The legal uncertainty triggered by the formulation of article 319 of the Criminal Code may have a chilling effect on
the willingness of individuals to exercise their freedom of expression as well as their freedom of religion or belief, for
example by changing their religion or manifesting religion or belief in worship, observance, practice and teaching. In
addition, an overreaction against the utterances of a person by any individual or group cannot constitute justification
for penalizing such an expression unless the threshold of article 20, paragraph 2, of the International Covenant on
Civil and Political Rights is crossed. The Special Rapporteur would like to emphasize that the ultimate goal is to find
the most effective ways for the State to protect individuals against advocacy of religious hatred that constitutes
incitement to discrimination, hostility or violence. [...] 60. The Special Rapporteur is also concerned at reports
received regarding sectarian violence and incitement to religious hatred. In this regard, she would like to distinguish
between the expression of opinions even when they are deemed offensive by some believers, and advocacy of
religious hatred that constitutes incitement to discrimination, hostility or violence. While freedom of expression has to
be respected, hate speech must be prohibited by law if it reaches the threshold of incitement to religious hatred
described in article 20, paragraph 2, of the International Covenant on Civil and Political Rights. In order to protect the
integrity of individuals, hate speech must not be tolerated. However, each case has to be examined on its own merits
The United Kingdom establishes a link between “threatening, abusive or insulting words” and
incitement to racial hatred but does not make that link with incitement to religious hatred, which is
linked only with “threatening” words (Racial and Religious Hatred Act 2006). 10
Several countries provide for specific rules establishing aggravating circumstances when the media
are used (Armenia, Azerbaijan, Czech Republic, Malta and Romania).
Some countries provide explicitly that an offence may be either intentional or due to negligence
(Ireland, Malta, Netherlands, Norway and the United Kingdom, although in the latter the concept of
negligence does not apply to incitement to religious hatred but only to incitement to racial hatred).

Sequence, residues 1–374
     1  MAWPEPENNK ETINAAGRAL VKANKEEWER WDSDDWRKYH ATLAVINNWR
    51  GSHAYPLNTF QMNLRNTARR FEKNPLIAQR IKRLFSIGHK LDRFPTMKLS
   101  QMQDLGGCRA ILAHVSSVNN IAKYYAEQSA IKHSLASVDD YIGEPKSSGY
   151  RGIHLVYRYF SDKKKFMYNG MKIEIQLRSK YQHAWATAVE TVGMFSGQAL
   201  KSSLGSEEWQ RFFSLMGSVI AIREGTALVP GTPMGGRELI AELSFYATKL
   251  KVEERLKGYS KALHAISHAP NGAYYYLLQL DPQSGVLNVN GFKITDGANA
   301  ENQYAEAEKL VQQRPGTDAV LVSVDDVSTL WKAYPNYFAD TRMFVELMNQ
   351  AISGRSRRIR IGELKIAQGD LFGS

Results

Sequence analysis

Intent is specifically required in the laws of Cyprus, Ireland, Malta, Portugal and Ukraine.
The scale of penalties is extremely diverse, ranging from 1 to 10 years’ imprisonment: 1 in Belgium,
France and Netherlands; 18 months in Malta; 2 years in Austria, Cyprus, Czech Republic, Denmark,
Georgia, Iceland, Ireland, Lithuania, Slovenia and Sweden; 3 years in Azerbaijan, Bulgaria, Croatia,
Estonia, Hungary, Italy, Lithuania, Moldova, Norway, Poland, Slovakia, Spain and Turkey; 4 years in
Armenia; 5 years in Germany, Monaco, Montenegro, Portugal, Serbia, the former Yugoslav Republic
of Macedonia and Ukraine; and 10 years in Albania. Fines in varying amounts may also replace or be
added to a prison sentence.
1.1.2 Variable geometry of alternative offences
The punishment of incitement to hatred varies in significance, according to whether there exist
alternative offences, such as:
• Collective insults (religious, in particular) in about half the States of Europe (Andorra,
Cyprus, Czech Republic, Denmark, Finland, Germany, Greece, Iceland, Italy, Lithuania,
Netherlands, Poland, Portugal, Russia, Slovakia, Spain, Switzerland, Turkey and Ukraine);
and the “dissemination of harmful information that is known to be false” (Spain). It may be
noted that the United Kingdom Racial and Religious Hatred Act 2006, Section 29 J, expressly
states that the offence of incitement to hatred may not involve the restriction of free speech:
“Nothing in this Part shall be read or given effect in a way which prohibits or restricts
discussion, criticism or expressions of antipathy, dislike, ridicule, insult or abuse of particular